In the crusade against Communism, otherwise known as the Cold War, the U.S. saw "freedom" as its core strength. Our liberties were contrasted with the repression of our chief rival, the USSR. We drew strength from the idea that our system of government, which empowered people whose individualism was guided by ethics based on shared values, would ultimately prevail over godless centralism and state-enforced conformity. An important sign of this was our belief in citizen-soldiers rather than warriors, and a military controlled by democratically-elected civilians rather than by dictators and strong men.
Of course, U.S. foreign policy during the Cold War could be amoral or immoral, and ethics were often shunted aside in the name of Realpolitik. Even so, morality was nevertheless treated as important, and so too were ethics. They weren’t dismissed out of hand.
In the name of defeating radical Islamic terrorism, we've become more repressive, even within the USA itself. Obedience and conformity are embraced instead of individualism and liberty.
Fast forward to today. We no longer see "freedom" as a core U.S. strength. Instead, too many of us see freedom as a weakness. In the name of defeating radical Islamic terrorism, we've become more repressive, even within the USA itself. Obedience and conformity are embraced instead of individualism and liberty. In place of citizen-soldiers, professional warriors are now celebrated and the military is given the lion's share of federal resources without debate. Trump, a CEO rather than a statesman, exacerbates this trend as he surrounds himself with generals while promising to obliterate enemies and to revive torture.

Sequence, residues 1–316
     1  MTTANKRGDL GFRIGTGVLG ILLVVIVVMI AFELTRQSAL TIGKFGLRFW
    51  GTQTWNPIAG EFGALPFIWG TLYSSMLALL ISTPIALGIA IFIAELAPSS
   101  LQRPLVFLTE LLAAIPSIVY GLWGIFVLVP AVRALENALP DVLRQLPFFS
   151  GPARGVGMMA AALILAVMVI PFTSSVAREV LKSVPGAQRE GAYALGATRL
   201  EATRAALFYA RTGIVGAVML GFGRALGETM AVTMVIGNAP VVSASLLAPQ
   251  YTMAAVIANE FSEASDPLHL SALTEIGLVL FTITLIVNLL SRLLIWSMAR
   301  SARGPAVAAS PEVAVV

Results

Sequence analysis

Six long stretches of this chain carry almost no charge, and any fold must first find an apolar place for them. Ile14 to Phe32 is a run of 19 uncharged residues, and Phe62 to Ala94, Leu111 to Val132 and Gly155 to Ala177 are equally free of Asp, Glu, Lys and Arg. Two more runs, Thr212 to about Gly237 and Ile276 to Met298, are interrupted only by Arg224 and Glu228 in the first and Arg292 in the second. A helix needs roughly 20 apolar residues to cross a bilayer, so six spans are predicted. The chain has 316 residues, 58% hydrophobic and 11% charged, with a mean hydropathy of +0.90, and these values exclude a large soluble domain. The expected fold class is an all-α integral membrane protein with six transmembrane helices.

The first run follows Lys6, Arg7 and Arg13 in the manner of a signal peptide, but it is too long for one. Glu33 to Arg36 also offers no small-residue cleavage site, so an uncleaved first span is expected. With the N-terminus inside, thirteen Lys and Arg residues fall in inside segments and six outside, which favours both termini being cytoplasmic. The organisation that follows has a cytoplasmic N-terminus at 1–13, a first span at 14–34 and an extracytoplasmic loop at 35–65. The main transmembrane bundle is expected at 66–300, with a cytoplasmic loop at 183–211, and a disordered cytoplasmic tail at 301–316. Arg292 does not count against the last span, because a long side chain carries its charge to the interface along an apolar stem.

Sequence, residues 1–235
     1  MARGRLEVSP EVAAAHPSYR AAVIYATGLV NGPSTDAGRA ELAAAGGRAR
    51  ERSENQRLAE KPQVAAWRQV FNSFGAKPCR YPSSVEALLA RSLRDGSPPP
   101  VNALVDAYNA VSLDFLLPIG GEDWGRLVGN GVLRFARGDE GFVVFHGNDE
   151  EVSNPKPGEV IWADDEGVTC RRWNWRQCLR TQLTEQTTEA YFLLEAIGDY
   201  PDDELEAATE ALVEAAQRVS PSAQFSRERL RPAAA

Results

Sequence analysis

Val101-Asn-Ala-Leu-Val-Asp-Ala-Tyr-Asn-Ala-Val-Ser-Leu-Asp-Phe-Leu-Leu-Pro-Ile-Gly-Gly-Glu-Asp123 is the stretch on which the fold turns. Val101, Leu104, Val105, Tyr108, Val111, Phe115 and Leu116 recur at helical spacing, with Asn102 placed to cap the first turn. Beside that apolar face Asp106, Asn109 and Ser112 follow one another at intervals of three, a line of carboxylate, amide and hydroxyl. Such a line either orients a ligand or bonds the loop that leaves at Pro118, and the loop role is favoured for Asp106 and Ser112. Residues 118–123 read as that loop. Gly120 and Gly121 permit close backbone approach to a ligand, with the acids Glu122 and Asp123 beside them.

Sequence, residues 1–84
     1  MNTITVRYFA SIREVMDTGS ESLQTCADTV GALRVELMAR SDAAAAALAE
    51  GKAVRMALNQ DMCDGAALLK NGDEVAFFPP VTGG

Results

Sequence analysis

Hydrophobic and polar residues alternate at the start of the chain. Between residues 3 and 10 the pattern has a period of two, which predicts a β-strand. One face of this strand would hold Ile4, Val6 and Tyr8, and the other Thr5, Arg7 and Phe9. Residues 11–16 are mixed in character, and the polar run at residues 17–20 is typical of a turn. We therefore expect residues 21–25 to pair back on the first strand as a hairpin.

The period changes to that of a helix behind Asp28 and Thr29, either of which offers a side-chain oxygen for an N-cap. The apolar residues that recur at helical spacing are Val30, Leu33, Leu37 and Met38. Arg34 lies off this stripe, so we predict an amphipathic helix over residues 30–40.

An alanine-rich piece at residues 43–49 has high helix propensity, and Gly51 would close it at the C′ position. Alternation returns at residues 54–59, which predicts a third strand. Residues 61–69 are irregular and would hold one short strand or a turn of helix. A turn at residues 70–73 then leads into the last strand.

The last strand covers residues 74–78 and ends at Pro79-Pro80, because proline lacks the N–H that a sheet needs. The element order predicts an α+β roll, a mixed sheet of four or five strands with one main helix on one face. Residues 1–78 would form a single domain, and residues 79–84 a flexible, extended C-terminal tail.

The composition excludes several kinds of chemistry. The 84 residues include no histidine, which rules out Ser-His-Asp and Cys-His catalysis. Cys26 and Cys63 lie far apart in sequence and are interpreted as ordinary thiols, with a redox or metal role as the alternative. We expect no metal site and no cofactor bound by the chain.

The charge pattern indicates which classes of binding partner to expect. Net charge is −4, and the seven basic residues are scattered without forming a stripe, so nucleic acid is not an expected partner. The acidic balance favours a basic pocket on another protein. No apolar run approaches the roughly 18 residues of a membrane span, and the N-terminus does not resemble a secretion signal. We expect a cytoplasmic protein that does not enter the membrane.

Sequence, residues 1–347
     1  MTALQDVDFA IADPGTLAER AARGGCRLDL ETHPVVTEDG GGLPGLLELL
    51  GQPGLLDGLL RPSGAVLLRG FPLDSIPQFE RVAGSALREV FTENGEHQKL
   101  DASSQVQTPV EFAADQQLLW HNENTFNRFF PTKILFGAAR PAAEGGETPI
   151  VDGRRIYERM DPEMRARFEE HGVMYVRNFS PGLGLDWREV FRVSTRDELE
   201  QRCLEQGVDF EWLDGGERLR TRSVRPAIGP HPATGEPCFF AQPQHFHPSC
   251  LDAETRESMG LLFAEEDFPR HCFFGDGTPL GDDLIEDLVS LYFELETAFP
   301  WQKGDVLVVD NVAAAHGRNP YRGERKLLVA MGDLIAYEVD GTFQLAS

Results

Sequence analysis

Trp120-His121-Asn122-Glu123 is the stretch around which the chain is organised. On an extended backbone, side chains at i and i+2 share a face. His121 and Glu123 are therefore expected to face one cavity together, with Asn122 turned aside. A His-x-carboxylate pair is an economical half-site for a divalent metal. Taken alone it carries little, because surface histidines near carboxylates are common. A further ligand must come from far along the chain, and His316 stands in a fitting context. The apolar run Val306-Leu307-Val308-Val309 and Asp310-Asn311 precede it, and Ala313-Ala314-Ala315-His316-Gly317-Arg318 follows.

In short, we've increasingly come to see a core national strength (liberty, individualism, openness to others) as a weakness. Thus, America's new crusades no longer have the ethical underpinnings (however fragile they often proved) of the Cold War. Yes, the Cold War was often unethical, but as Tom Engelhardt notes at TomDispatch.com today, the dirty work was largely covert, i.e. we were in some sense embarrassed by it. Contrast this to today, where the new ethos is that America needs to go hard, to embrace the dark side, to torture and kill, all done more or less openly and proudly.
Along with this open and proud embrace of the dark side, America has come increasingly to reject science. During the Cold War, science and democracy advanced together. Indeed, the superior record of American science vis-à-vis that of the Soviet Union was considered proof of the strength and value of democracy. Today, that is no longer the case in America. Science is increasingly questioned; evidence is dismissed as if it’s irrelevant. "Inconvenient truths" are no longer recognized as inconvenient -- they're simply rejected as untrue. Consider the astonishing fact that we have a president-elect who's suggested climate change is a hoax perpetrated by China.
Yesterday, I saw the following comment online, a comment that summed up the new American ethos: "Evidence and facts are for losers." After all, President-elect Trump promised America we’d win again. Let’s not let facts get in the way of “victory.”
That's what a close-minded crusader says. That the truth doesn't matter. All that matters is belief and faith. Obey or suffer the consequences.
Where liberty is eroded and scientific evidence is denied, you don't have democracy. You have something meaner. And dumber. Something like autocracy, kleptocracy, idiocracy. And tyranny.
William J. Astore